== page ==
**The Fluctuation Theorem and Loschmidt's Paradox**

The second law of thermodynamics, which predicts that the entropy of an isolated system out of equilibrium should tend to increase rather than decrease or stay constant, stands in apparent contradiction with the time-reversible equations of motion for classical and quantum systems. The time reversal symmetry of the equations of motion show that if one films a given time dependent physical process, then playing the movie of that process backwards does not violate the laws of mechanics. It is often argued that for every forward trajectory in which entropy increases, there exists a time reversed anti trajectory where entropy decreases, thus if one picks an initial state randomly from the system's phase space and evolves it forward according to the laws governing the system, decreasing entropy should be just as likely as increasing entropy. It might seem that this is incompatible with the second law of thermodynamics which predicts that entropy tends to increase. The problem of deriving irreversible thermodynamics from time-symmetric fundamental laws is referred to as Loschmidt's paradox.

The mathematical proof of the Fluctuation Theorem and in particular the Second Law Inequality shows that, given a non-equilibrium starting state, the probability of seeing its entropy increase is greater than the probability of seeing its entropy decrease - see The Fluctuation Theorem from Advances in Physics 51: 1529. However, as noted in section 6 of that paper, one could also use the same laws of mechanics to extrapolate *backwards* from a later state to an earlier state, and in this case the same reasoning used in the proof of the FT would lead us to predict the entropy was likely to have been greater at earlier times than at later times. This second prediction would be frequently violated in the real world, since it is often true that a given nonequilibrium system was at an even lower entropy in the past (although the prediction would be correct if the nonequilibrium state were the result of a random fluctuation in entropy in an isolated system that had previously been at equilibrium - in this case, if you happen to observe the system in a lower-entropy state, it is most likely that you are seeing the minimum of the random dip in entropy, in which case entropy would be higher on either side of this minimum).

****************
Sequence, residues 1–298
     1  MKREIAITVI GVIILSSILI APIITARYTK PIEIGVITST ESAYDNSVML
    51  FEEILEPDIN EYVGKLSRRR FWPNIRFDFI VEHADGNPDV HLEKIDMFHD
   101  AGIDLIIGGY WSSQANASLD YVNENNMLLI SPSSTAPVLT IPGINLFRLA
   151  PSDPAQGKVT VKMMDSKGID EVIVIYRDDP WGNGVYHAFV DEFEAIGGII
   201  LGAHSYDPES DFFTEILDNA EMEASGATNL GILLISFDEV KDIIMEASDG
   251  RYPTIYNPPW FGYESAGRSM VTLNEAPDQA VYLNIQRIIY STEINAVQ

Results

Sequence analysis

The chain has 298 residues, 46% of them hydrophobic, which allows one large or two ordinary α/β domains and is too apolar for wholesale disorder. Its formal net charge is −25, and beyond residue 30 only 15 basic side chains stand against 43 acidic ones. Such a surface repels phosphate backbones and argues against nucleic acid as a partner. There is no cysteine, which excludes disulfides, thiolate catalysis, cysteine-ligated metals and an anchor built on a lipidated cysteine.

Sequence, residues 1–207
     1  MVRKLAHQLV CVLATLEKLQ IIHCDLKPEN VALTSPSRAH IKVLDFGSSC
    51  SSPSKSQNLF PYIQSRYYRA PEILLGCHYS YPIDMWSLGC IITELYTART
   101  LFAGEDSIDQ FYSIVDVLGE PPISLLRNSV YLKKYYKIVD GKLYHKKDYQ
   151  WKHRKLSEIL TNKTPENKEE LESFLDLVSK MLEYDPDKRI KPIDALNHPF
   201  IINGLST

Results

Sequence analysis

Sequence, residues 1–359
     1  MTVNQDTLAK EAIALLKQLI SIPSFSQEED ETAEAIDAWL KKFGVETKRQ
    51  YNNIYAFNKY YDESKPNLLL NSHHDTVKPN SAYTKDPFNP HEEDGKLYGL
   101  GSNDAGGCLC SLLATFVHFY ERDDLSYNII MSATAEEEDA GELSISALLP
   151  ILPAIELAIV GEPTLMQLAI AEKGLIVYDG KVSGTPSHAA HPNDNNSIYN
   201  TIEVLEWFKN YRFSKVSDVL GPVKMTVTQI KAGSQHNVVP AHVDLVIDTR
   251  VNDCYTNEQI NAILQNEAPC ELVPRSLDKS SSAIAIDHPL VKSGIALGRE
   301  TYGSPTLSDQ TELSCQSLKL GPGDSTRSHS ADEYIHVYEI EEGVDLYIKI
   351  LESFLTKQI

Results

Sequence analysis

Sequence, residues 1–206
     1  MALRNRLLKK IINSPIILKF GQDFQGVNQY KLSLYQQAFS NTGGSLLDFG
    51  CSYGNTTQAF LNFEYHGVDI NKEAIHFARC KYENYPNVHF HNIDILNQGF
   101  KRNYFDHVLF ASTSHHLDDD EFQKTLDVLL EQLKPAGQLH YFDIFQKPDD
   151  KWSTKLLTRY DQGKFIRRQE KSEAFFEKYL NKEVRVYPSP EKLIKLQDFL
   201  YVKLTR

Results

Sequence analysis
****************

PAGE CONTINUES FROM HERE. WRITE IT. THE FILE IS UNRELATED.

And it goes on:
So, it seems that the problem of deriving time-asymmetric thermodynamic laws from time-symmetric laws cannot be solved by appealing to statistical derivations which show entropy is likely to increase when you start from a nonequilibrium state and project it forwards. Many modern physicists believe the resolution to this puzzle lies in the low-entropy state of the universe shortly after the big bang, although the explanation for this initial low entropy is still debated.

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